Luke Johnson, Woodruff Professor of New Testament and Christian Origins and also a former University Senate president, holds to a more definitive view. “When it comes to teaching, research, programs—our intellectual life—I strongly feel that the faculty role goes beyond simply advice. In these matters, I think the faculty is the university, and governance should enable that.”

Johnson also points out that the strictly advisory model can set up a reactive style of governance. “It is difficult for faculty governance bodies to set a positive agenda for the university,” Johnson says, “and not to descend to the trivial, because the money and authority do not rest with them, nor are they in a position to have oversight of the whole. Unless they are really partners in the conversation from the beginning, they end up trivializing and resisting.”

Lechner places responsibility on faculty for joining that partnership. “In principle, I am in favor of strong faculty involvement. But I also think if we want a greater role, then we must take the role much more seriously than we have so far—doing much more careful research, making more careful arguments. On some issues, the faculty needs to engage in thoughtful deliberation and take the time to do that well.”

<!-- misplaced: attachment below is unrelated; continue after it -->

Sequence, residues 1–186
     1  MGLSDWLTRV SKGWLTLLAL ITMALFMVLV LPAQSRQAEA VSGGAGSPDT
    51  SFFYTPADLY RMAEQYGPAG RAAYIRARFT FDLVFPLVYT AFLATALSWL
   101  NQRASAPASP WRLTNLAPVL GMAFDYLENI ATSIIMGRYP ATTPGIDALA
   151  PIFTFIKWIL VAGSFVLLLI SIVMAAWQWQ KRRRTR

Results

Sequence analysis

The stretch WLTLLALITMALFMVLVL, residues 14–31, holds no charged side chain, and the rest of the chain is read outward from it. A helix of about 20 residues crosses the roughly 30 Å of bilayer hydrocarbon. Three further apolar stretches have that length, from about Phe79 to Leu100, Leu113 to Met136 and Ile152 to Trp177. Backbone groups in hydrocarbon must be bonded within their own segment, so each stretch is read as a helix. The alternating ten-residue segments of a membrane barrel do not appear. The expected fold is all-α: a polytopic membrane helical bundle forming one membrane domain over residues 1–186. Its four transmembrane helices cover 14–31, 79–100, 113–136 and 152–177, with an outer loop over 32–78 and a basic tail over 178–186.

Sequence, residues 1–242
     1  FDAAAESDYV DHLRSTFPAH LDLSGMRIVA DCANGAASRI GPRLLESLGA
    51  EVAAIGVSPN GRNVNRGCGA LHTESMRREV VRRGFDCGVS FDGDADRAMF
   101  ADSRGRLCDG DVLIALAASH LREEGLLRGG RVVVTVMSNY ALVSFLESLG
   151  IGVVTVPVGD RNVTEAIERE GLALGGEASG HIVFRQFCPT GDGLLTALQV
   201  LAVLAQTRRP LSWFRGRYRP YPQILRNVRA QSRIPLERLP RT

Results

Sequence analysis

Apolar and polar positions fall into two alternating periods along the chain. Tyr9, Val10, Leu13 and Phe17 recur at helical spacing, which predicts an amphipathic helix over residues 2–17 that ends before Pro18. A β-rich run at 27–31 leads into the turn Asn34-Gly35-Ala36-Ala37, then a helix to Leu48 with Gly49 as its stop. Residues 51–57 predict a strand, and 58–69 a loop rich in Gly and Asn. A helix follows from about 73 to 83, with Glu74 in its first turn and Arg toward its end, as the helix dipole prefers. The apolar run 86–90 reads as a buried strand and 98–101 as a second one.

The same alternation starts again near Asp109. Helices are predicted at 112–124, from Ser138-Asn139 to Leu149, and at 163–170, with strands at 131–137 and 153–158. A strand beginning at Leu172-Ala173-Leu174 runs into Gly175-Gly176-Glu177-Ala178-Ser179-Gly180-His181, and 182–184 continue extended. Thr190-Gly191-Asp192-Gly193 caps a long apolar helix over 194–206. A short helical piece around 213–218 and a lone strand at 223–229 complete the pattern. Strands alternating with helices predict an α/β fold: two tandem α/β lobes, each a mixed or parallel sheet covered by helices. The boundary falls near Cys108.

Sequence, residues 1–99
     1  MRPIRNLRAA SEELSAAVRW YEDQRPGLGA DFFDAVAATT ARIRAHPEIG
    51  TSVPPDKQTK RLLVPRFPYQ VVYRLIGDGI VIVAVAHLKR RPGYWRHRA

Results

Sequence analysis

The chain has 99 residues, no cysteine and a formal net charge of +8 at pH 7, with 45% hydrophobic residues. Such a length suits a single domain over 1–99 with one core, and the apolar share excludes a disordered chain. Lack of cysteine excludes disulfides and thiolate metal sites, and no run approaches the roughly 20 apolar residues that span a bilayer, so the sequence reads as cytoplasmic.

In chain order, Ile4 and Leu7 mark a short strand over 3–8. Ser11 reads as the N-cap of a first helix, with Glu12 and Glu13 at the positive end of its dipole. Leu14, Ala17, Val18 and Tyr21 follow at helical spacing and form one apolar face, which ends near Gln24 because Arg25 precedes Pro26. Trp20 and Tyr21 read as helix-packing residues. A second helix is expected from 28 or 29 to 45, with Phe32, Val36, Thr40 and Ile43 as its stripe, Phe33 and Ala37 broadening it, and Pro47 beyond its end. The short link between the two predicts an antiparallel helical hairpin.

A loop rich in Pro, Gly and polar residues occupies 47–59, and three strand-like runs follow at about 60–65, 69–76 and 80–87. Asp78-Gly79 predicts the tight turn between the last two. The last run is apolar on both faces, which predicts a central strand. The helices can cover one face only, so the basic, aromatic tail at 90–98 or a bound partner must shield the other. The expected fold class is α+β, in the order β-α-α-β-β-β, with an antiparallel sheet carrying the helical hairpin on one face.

But faculty need persuasive reasons to take on such demanding work, alongside research and teaching. “Faculty governance is good and effective insofar as it does not take away from the central concerns of the faculty and the mission of the school, but rather enhance them,” Johnson says. “The issue, of course, is what things enhance and what things detract?”

Lechner adds, “We need a sense that the stakes are high enough and that they’re worth the payoff. It’s partly a matter of how governance efforts by faculty come across to the administration and actually influence the course of events.”

Harriet King, senior vice provost for academic affairs, who sits ex officio on the Faculty Council, argues that faculty governance as it currently exists does influence decisions, although that influence is not always evident. “There are not institutionalized mechanisms by which faculty know their advice has been heard. I think one of the things the administration does not do well is make clear how the faculty has influenced decisions.”

In fact, suggests business school assistant professor of organization and management Joe Labianca, who studies organizational networks in academia, faculty may not be in the best position to determine an institution’s overall direction. “Faculty can be in some instances limiting,” he says. “Sometimes their view of what the university should be like may not be very well in touch with what’s going on in the environment of higher education in general. The administration’s role is to understand how that environment is changing, and in a lot of cases, the faculty can’t keep up with those kinds of changes.”